1. His honesty
The Bible is very honest. Talk of Jacob, the father of her “chosen people”, as a deceiver. It describes Moses, which gave the lawe, as a reluctant and unsure leader, is that, in his first attempt to help his people, killed a man and then fled into the desert. Tell about Davide, not just as a king, general and spiritual leader of Israel, but also as one who took another's wife and then, to cover up his sin, conspired to have her husband killed. At one point, the scriptures accuse God's people, the nation of Israel, of being so evil that Sodom and Gomorrah are good in comparison (Ezekiel 16:46-52). The Bible represents human nature as hostile to God. It predicts a future full of troubles. It teaches that the way to heaven is narrow and that the way to hell is wide. The scriptures are clearly not written for those who want simple answers, or an easy and optimistic view of religion and human nature.
While the modern state of Israel was born after thousands of years of dispersion, a Bedouin shepherd discovered one of the most important archaeological treasures. In a cave in the northwestern part of the Dead Sea, a broken vase yielded documents that had been hidden for two millennia. Other discoveries produced manuscripts dating back to 1000 years before the copies which were the oldest known previously. One of the most important was a copy of Isaiah. He revealed a document that is basically the same as the book of Isaiah that appears in our Bibles. The Dead Sea Scrolls discredited claims from those who believed the original Bible had been lost and tampered with.
3. Her statements about herself
It is important to know what the Bible says about itself. If the writers of the Scriptures did not believe they were speaking for God, it would be presumptuous of us to believe so of them. We would also have a different problem. We would have a collection of unsolved mysteries, included in historical and ethical literature, but we would not have a book that has inspired the construction of thousands of churches and synagogues around the world. A Bible that does not claim to speak for God could not be the foundation of the faith of myriads of Christians and Jews (2Pietro 1:16-21). But with a lot of evidence and many arguments, Bible writers claimed to have been inspired by God. As millions have entrusted their present and their future to these affirmations, the Bible cannot be a 'good book’ if its writers have always lied about the source of their information and deceived their readers.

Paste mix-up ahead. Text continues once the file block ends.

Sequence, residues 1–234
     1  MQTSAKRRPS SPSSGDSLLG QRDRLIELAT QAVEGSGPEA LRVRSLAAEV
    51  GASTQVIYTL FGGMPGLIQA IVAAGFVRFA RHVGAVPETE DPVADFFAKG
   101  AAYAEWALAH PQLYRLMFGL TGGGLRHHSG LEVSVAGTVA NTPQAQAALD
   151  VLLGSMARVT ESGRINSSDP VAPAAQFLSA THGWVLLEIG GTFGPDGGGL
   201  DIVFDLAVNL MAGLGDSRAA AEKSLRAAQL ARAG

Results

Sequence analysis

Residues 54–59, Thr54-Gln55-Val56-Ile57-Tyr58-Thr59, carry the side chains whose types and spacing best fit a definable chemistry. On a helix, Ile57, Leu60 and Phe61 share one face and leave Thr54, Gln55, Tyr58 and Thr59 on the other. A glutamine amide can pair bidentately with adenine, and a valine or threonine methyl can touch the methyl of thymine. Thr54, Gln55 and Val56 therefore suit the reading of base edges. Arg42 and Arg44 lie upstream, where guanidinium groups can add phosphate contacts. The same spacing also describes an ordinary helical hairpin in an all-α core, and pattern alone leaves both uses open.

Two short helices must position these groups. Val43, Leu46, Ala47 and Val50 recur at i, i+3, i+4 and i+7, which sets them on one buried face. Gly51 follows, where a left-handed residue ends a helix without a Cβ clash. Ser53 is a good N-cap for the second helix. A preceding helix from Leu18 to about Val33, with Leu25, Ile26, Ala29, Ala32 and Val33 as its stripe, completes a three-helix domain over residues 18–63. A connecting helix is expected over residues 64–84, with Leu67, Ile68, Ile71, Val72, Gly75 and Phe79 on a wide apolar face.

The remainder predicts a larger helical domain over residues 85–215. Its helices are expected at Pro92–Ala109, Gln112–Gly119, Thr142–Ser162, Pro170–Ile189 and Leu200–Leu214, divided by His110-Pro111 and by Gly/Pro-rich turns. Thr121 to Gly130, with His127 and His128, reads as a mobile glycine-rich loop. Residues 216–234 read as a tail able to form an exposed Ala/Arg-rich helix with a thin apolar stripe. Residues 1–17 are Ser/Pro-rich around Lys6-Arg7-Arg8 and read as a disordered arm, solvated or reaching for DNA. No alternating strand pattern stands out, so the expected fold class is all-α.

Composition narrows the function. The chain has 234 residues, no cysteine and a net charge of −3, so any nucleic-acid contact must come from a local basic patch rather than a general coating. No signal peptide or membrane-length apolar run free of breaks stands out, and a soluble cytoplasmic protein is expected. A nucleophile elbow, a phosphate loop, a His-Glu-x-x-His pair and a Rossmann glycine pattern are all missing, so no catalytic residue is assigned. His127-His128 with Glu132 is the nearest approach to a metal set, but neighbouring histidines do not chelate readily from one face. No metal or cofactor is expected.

4. His miracles
Israel's exodus from Egypt provides a historical basis for believing that God revealed himself to Israel. If the Red Sea wasn't divided like Moses said it had happened, the Old Testament would lose its authority to speak from God. The New Testament equally depends on miracles. If Jesus hadn't risen from the dead, the apostle Paul admitted that the Christian faith would be built on a lie (1Corinthians 15:14-17). To prove its credibility, the New Testament named its witnesses, and he did so at a time that made it possible to control these claims (1Corinthians 15:1-8). Many of the witnesses were martyred, not out of abstract beliefs of morality or spirituality, but for their claim that Jesus had risen from the dead. While martyrdom is not unusual, what is important is the basis of what these people gave their lives for. Many die for what they believe to be the truth. But people don't die for what they know to be a lie.
5. Its unity